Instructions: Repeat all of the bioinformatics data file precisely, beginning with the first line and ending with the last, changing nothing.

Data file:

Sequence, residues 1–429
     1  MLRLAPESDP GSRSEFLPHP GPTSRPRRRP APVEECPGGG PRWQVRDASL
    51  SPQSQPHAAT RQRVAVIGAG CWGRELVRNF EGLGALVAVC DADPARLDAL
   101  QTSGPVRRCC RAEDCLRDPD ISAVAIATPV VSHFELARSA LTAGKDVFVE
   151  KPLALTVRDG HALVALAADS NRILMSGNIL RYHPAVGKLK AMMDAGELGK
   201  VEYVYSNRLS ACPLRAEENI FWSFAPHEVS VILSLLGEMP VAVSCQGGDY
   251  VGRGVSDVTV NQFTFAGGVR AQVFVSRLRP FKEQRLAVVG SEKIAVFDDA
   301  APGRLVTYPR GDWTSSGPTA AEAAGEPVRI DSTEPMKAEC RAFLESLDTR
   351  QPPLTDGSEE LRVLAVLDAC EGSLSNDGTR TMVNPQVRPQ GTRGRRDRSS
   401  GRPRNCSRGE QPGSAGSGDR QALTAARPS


Sequence, residues 1–429
     1  MLRLAPESDP GSRSEFLPHP GPTSRPRRRP APVEECPGGG PRWQVRDASL
    51  SPQSQPHAAT RQRVAVIGAG CWGRELVRNF EGLGALVAVC DADPARLDAL
   101  QTSGPVRRCC RAEDCLRDPD ISAVAIATPV VSHFELARSA LTAGKDVFVE
   151  KPLALTVRDG HALVALAADS NRILMSGNIL RYHPAVGKLK AMMDAGELGK
   201  VEYVYSNRLS ACPLRAEENI FWSFAPHEVS VILSLLGEMP VAVSCQGGDY
   251  VGRGVSDVTV NQFTFAGGVR AQVFVSRLRP FKEQRLAVVG SEKIAVFDDA
   301  APGRLVTYPR GDWTSSGPTA AEAAGEPVRI DSTEPMKAEC RAFLESLDTR
   351  QPPLTDGSEE LRVLAVLDAC EGSLSNDGTR TMVNPQVRPQ GTRGRRDRSS
   401  GRPRNCSRGE QPGSAGSGDR QALTAARPS